A reader asks, Where do you get your ideas?  How do you come up with this stuff?

Ideas are everywhere.  The hard part is winnowing out the ones that distract or detract from the story, or that there simply is not room for.  Laurence Sterne, in one of his many authorial asides, bewails all the witty stuff that has ended up in the wastebasket along the way.  All writers certainly know exactly what he’s talking about.  If I had thrown nothing out, my novel would run to several thousands of pages.

In a novel of ideas, which is one way to categorize The Great American Desert, one useful thing to do is to keep a list of the key themes handy, and when a scene suggests itself, to check it against the list to see if that scene would strengthen the novel or send it sailing off into uncharted seas.

One of the major themes of my novel is history, which is a combination of time and events, or, as Antony, my narrator, might put it, time and the talk engendered by the events.  In German, ‘story’ and ‘history’ are the same word.  Antony, an historian stuck in time, sees very clearly that history and stories, talk, need to flow.  Throughout the book are incidents that illustrate what happens when people attempt to check the flow of time.

How do you come up with these incidents? my reader might well ask.  Truth is, as the story gels they suggest themselves.  The story bounces around in a writer’s head, and, consciously or not, everything he comes across begins to be seen through the prisms of the ideas in the story.  For instance, I couldn’t say precisely when or how I realized that water, particularly the flowing water of the river, was an essential metaphor, but from the very beginning I had in mind that Antony’s father was away so much because he was in the navy, simply because joining the navy would be one of the most radical departures that a grandson of a farmer could make.  There’s an American short story or novel, whose title ought not to escape me, in which a sailor, tiring of the sea, heads inland with an oar over his shoulder, intending to stop and settle down at the first place where someone asks him what that funny-shaped stick is that he’s carrying.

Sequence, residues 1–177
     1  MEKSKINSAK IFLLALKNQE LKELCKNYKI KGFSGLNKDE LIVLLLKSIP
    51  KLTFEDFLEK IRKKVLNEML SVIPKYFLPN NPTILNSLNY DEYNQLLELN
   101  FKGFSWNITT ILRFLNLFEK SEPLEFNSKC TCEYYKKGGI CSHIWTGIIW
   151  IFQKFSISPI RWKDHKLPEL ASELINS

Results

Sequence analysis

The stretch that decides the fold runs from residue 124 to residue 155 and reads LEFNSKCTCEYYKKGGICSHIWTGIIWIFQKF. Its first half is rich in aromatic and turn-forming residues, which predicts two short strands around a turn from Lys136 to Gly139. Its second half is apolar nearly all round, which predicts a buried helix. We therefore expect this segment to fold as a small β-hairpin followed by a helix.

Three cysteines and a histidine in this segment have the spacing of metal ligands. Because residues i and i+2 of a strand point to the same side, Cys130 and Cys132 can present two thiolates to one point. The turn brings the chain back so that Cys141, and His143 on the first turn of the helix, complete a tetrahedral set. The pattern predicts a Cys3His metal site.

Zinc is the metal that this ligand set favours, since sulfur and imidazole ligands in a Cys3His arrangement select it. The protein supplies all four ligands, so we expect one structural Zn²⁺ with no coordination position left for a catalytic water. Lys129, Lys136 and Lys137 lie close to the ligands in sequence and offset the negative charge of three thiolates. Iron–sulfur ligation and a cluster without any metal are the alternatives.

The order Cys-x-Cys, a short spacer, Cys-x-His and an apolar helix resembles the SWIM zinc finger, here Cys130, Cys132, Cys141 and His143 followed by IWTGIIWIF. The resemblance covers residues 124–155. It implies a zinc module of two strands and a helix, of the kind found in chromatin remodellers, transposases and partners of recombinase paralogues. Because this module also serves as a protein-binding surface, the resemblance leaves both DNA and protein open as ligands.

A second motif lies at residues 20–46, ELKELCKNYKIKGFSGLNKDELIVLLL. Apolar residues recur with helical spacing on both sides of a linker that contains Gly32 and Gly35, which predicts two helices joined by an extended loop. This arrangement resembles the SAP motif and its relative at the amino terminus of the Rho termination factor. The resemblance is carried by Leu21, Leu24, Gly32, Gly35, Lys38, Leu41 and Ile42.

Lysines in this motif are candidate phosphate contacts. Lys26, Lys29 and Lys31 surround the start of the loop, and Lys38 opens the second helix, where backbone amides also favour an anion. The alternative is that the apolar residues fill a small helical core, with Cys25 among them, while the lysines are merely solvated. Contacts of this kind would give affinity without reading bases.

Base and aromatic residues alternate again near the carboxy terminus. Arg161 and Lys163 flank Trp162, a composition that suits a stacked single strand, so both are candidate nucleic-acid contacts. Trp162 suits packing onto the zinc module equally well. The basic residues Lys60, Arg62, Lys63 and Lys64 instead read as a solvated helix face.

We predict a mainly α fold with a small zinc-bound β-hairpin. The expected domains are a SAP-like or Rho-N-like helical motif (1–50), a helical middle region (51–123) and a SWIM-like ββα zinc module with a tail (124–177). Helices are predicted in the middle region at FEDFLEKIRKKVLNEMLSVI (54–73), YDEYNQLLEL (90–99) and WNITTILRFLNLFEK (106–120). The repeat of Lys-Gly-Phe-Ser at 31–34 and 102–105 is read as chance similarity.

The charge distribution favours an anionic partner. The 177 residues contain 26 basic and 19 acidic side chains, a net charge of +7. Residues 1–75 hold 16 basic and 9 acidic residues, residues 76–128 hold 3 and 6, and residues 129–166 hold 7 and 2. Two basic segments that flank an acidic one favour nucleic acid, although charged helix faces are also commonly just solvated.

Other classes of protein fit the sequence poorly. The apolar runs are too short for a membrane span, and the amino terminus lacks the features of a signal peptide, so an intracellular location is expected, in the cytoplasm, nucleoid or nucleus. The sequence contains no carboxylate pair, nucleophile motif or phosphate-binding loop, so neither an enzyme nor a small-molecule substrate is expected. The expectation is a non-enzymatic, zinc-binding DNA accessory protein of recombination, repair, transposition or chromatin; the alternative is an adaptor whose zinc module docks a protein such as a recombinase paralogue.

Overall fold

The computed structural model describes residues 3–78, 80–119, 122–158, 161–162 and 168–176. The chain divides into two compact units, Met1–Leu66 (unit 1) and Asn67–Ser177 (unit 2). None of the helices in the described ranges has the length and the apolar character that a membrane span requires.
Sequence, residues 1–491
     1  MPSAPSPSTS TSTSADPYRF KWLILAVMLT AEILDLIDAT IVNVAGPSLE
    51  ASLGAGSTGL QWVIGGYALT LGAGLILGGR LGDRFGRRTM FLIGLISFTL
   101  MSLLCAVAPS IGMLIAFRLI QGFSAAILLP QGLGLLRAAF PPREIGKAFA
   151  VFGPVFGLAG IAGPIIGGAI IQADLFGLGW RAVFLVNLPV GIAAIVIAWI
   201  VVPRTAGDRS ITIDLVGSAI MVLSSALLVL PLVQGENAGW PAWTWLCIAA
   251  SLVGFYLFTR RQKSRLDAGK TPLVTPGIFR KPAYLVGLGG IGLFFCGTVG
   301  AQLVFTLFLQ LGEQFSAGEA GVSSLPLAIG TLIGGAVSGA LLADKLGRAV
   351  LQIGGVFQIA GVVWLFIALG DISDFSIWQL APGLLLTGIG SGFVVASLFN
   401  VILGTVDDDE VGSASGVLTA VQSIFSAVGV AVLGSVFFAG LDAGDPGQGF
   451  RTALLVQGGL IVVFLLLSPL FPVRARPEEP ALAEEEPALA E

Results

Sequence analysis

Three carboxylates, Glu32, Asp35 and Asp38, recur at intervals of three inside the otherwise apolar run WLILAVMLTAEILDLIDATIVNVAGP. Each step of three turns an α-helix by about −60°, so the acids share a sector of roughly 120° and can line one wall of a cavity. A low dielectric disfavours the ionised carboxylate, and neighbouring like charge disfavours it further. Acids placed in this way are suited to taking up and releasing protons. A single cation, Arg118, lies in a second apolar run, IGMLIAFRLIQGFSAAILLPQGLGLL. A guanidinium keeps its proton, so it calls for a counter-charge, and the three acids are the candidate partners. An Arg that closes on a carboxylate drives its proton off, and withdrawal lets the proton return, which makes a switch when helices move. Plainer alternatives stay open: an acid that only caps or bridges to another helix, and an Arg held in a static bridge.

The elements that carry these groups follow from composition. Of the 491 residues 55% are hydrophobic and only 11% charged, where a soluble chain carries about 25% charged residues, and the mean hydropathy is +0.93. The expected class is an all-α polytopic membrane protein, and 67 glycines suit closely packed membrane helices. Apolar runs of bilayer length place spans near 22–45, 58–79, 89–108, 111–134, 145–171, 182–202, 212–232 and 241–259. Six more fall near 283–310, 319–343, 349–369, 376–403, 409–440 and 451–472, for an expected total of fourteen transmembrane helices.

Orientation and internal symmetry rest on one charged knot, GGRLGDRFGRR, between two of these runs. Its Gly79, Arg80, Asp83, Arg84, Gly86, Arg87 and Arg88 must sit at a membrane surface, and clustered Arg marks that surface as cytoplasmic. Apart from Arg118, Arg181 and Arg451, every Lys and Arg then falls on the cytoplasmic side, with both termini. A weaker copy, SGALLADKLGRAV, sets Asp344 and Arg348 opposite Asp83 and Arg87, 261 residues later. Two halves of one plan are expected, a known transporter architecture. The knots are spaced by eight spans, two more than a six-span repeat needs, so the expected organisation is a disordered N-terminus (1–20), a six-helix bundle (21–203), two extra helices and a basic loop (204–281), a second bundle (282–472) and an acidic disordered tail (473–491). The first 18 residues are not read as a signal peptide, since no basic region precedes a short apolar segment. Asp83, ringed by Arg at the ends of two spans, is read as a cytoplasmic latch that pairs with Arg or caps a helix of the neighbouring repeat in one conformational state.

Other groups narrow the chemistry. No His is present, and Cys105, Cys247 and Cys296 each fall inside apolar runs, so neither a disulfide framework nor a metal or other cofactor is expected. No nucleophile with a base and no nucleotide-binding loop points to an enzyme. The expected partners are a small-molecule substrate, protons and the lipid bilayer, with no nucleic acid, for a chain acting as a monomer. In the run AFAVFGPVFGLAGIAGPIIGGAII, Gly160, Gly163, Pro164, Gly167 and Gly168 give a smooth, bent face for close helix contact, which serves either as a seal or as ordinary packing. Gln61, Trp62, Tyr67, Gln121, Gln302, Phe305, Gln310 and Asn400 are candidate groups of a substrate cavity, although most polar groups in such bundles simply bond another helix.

Antony may or may not have been named for St. Antony of Egypt, though originally I pictured both Antonys in the desert.  But St. Antony had originally been a farmer, and as a farmer he had been dependent on the annual flooding of the Nile.  The Illinois and Mississippi rivers form one side of Jersey County, and are a presence impossible to overlook, especially when there is a flood.  (Why didn’t I set the story at the very bottom of Illinois, which is known as Little Egypt?  Because I don’t know Little Egypt.  I’m not such a fool as to write about places that I don’t know.)

I don’t know when the river flooded my story to the extent that it did.  It happened gradually, rising at first just a few inches at a time, but while I wasn’t looking it overflowed its banks, and there you have it.

I’m sorry that this entry is so vague, and then again, I’m not.  I’m finding it difficult to write about the book without giving too much away.